NORTH MUSKEGON – Larry Witham patrolled the North Muskegon football practice field on a comfortable, fall afternoon Tuesday. With a whistle around his neck, he watched intently from various vantage points and coached up the Norsemen as they prepared for Friday’s playoff opener at Ravenna.
It seemed like business as usual for the head coach, a 1980 North Muskegon alumnus, who is a longtime coach in the program in his sixth season at the helm. But things have been far from normal the last few weeks for Witham.
The 60-year-old received stunning news recently: He had suffered two heart attacks. The first one happened Oct. 7, one day before North Muskegon’s regular-season matchup vs. Ravenna. The second one struck Oct. 13, two days before the Norsemen were set to play at Mason County Central.
“Early Thursday morning before the Ravenna game, I woke up in a sweat with chest pains and teeth hurt, everything hurt on my body,” Witham recalled. “Lasted about 2 ½ hours from 5:30 in the morning and walked around the house, didn’t feel very good obviously. Went back to sleep, didn’t think too much of it, really. Told my wife (Robin) that I wasn’t feeling very well. That was about the extent of that, so continued on with the rest of the week as normal.
“Then the Wednesday of the Mason County Central game, the same thing happened: 8 o’clock Wednesday night, I felt bad again. Went to bed really early and I don’t ever do that. It lasted about 3 ½ hours and I told my wife that I wasn’t feeling very well. She said, ‘Well, let’s call 9-1-1.’ I said, ‘Nope, not doing that. This is a big game.’ So she obliged. And so Thursday morning, I felt terrible, felt terrible. And she said, ‘I’m done listening to you now.’”
Photos by Scott DeCamp | CatchMark
Witham was taken to the emergency room and discovered that he had suffered a couple of heart attacks, the result of his right coronary artery being 95 percent blocked.
Witham was treated immediately. He underwent surgery on Friday, Oct. 15, when a heart catheter and two stents were inserted in a procedure that took about 90 minutes.
Two days later, he was back on the practice field. Four days after that, he coached from the press box as North Muskegon earned a 25-0 home win over Ludington that ultimately put the Norsemen back in the playoffs for the fifth-straight season.
Witham intends on coaching from the box again this Friday, when North Muskegon (4-5) tries to avenge the 17-6 Oct. 8 loss to Ravenna (6-3). The Division 7 first-round district matchup, set for 7 p.m. at Ravenna’s Citizens’ Field, has been selected the CatchMark SportsNet Game of the Week.
“I have lots of medications running through my system, as you can probably imagine, and being on the sidelines isn’t exactly a safe environment for me,” Witham said. “Being up the press box is safer, but also it gives a whole different perception on the game from up there when I’m calling the plays. I’ve got a great staff downstairs that really help me a lot, too.”
Witham is a former multi-sport athlete at North Muskegon, who went on to play football at Beloit and Hope colleges.
He’s been coaching football at his alma mater on and off for 30 years. Giving back to the Norsemen means everything to Witham, whose teams may often be outmanned in terms of sheer size and roster numbers, but they reflect his fighting spirit.
The Norse are shorthanded now but continue to battle. Freshman starting quarterback James Young fractured his collar bone in the first Ravenna game. The next week, in a 35-0 victory at Mason County Central when Witham was in the hospital, junior running back/backup QB Denny Belmonte dislocated his shoulder.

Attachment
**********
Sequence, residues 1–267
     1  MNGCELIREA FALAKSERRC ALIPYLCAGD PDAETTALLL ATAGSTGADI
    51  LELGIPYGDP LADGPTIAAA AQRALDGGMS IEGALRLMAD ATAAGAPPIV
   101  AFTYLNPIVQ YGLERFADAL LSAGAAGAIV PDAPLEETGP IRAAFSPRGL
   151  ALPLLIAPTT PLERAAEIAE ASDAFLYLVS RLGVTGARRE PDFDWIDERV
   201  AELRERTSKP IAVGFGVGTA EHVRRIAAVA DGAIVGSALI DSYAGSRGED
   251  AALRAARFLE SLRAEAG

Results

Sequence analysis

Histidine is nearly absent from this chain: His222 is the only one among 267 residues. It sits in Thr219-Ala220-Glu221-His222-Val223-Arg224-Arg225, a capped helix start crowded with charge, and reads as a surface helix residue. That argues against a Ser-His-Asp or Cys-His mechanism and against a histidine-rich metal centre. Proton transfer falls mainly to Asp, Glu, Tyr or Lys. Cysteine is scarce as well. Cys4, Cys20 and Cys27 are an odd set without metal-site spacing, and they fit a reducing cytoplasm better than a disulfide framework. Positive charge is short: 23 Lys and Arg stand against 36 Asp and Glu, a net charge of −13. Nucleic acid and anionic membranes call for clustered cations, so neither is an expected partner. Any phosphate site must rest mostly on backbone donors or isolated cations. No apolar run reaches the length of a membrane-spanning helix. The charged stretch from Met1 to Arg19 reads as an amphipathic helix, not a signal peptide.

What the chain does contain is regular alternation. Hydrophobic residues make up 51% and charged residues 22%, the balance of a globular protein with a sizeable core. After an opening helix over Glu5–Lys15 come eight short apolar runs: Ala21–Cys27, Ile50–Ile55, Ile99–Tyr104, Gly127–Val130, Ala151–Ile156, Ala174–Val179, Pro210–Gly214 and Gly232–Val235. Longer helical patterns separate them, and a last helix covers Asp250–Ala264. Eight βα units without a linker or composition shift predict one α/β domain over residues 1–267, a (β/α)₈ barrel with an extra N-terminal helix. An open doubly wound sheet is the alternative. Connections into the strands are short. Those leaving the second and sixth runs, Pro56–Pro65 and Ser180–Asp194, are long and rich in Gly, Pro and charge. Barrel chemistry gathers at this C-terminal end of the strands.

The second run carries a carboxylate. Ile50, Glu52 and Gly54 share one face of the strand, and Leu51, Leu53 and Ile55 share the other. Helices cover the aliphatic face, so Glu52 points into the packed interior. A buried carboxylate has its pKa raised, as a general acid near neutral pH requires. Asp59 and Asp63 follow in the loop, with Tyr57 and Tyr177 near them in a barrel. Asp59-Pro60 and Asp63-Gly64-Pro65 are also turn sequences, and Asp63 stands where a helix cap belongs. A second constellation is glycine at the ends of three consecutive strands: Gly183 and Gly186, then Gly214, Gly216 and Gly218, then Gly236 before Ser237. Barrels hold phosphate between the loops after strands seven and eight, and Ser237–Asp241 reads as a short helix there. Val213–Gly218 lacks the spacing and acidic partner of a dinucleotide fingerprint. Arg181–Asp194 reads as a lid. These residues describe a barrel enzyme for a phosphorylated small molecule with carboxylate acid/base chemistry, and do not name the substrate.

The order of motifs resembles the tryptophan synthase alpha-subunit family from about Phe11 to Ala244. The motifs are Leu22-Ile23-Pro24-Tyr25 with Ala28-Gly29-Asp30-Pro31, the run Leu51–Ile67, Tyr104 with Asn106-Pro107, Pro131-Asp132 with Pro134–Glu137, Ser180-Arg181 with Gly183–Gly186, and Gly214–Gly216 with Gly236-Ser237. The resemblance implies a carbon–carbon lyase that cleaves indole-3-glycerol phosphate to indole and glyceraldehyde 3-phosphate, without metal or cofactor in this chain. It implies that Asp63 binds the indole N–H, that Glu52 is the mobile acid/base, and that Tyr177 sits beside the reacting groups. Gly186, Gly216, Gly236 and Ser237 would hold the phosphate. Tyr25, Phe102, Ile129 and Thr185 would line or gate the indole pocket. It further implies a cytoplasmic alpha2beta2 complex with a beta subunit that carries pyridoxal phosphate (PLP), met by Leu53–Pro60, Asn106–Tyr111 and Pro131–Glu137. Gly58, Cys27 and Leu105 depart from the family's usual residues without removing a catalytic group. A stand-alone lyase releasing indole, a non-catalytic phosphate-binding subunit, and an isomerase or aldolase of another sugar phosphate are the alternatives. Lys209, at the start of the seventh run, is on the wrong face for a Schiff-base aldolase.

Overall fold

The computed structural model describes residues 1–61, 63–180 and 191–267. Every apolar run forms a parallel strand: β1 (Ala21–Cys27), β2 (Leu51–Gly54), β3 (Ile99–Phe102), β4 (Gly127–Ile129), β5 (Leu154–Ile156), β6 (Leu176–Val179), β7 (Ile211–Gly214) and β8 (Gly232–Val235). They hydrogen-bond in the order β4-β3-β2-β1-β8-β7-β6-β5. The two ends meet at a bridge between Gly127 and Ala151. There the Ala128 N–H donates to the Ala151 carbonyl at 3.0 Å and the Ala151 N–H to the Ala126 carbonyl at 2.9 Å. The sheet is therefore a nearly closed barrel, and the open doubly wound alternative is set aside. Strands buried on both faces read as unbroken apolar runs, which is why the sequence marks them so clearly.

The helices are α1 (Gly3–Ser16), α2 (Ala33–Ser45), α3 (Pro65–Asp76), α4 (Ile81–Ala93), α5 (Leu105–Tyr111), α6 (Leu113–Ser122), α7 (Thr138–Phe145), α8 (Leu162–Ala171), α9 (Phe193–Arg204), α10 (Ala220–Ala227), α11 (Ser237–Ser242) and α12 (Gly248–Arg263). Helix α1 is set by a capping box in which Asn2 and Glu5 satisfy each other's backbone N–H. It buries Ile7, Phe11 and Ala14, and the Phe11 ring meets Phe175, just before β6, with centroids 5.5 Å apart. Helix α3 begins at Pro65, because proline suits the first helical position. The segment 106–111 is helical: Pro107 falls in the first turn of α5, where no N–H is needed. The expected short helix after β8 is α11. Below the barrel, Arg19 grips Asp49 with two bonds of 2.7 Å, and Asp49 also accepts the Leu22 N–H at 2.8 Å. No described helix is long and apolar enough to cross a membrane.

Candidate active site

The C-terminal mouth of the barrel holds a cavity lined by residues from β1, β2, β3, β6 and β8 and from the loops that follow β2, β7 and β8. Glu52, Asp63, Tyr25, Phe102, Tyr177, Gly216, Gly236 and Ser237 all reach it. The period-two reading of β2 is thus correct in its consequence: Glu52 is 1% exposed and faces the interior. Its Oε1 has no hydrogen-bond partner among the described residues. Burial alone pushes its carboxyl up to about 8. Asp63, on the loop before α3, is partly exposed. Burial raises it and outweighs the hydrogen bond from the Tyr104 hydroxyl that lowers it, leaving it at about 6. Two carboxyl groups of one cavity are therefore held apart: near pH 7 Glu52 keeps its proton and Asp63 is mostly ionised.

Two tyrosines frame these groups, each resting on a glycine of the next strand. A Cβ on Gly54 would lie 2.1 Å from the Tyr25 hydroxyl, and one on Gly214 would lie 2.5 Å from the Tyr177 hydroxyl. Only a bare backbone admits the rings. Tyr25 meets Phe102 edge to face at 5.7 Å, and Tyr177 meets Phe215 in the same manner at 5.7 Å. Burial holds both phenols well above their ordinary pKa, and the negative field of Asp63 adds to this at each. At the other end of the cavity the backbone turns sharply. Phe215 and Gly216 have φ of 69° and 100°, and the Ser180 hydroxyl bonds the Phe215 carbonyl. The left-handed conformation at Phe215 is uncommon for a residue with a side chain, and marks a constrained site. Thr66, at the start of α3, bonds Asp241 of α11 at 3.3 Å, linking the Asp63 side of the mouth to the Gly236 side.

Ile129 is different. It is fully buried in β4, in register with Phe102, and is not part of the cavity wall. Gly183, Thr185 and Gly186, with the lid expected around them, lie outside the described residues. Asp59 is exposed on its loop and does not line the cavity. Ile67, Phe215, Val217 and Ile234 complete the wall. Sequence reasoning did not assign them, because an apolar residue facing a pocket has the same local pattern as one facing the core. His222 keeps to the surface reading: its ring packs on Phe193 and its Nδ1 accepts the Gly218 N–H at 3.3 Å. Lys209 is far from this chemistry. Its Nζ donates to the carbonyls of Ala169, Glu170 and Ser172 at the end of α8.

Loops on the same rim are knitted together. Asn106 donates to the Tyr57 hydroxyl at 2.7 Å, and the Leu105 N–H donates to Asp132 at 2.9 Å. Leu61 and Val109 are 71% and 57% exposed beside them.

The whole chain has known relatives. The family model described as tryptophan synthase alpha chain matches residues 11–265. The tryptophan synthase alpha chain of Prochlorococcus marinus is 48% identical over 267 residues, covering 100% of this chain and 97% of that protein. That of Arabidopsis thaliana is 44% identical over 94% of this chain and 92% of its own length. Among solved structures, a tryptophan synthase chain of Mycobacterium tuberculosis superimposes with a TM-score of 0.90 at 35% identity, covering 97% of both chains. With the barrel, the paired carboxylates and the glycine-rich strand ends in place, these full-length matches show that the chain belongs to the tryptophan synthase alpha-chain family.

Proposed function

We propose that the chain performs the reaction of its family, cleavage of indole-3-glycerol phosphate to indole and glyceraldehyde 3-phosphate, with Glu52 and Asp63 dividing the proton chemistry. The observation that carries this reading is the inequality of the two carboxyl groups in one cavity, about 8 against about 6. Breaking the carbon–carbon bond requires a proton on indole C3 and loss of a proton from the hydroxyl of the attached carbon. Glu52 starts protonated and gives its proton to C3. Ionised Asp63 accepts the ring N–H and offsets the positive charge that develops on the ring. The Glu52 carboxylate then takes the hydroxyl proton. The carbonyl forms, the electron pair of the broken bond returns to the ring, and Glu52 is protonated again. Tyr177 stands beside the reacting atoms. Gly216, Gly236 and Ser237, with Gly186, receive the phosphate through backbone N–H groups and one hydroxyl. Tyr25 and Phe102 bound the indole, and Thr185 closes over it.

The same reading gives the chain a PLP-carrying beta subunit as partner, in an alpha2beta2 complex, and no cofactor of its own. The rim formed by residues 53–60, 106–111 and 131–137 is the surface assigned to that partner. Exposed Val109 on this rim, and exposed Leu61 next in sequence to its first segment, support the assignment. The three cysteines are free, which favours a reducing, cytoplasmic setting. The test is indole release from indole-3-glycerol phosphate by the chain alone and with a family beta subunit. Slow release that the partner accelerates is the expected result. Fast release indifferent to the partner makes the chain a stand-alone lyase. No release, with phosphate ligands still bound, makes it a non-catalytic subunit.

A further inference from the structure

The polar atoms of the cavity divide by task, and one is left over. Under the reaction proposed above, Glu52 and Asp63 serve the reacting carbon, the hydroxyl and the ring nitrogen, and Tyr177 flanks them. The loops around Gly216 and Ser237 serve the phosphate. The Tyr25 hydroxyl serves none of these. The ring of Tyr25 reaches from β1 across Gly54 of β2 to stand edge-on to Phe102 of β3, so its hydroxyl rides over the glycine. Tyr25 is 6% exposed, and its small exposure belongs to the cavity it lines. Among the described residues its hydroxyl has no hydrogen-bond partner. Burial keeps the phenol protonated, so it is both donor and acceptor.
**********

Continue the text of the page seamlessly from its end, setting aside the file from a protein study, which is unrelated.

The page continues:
Last Friday, sophomore Ben Meyers stepped in admirably at QB against Ludington and the Norse defense pitched another shutout. But Witham’s return ultimately provided a big boost for the team’s morale.
“He means more than you can imagine. As a person, as a head coach obviously, the kids all look to him for guidance and everything,” said Bryan Rypstra, who is North Muskegon’s third-year defensive coordinator and Witham’s right-hand man, having coached Norse softball with him as well.
“These kids are at his house for dinner every Monday night, watching film. The quarterbacks and linebackers are over at his house every Tuesday night, watching film – his wife cooks dinner for all 20 of them. When we have the JV kids in, it’s twice as many. He’s like a dad to a lot of these kids, you know. They probably see him more than they see their dads this time of year.”
North Muskegon senior lineman Trevor Bell is Witham’s stepson. Witham has been close to Bell and his buddies since their Mini Mite days a dozen or so years ago.
They’re all his sons in many respects. Bell said his relationship with Witham has grown significantly over the years.
“We have a lot of respect for each other, a lot of love for each other as well,” Bell said. “He’s a great person. He loves the game of football, first and foremost. You know, between that and family, it’s (one) and the same for him.”
Witham said his prognosis is as good as could be expected. Bell said that Witham is looking better every day post-surgery.
Being back in his coaching and mentoring element just feels right for Witham. He calls his Norsemen “the greatest kids on the planet,” and he expects they’ll give Ravenna everything they’ve got.
His health scares certainly put things in perspective.
“I had a meeting with the kids on Thursday when I was put into the hospital – (they) did a Zoom meeting here at the fieldhouse. You kind of know where you stand when adversity strikes. I can’t tell you how much these guys mean to me,” Witham said, growing emotional. “Their well-wishes and concern for my health made me feel pretty special. They helped me – they helped me a lot – to get through where I’ve been the last number of days. Great, great bunch of kids; great bunch of coaches, all I can say.”
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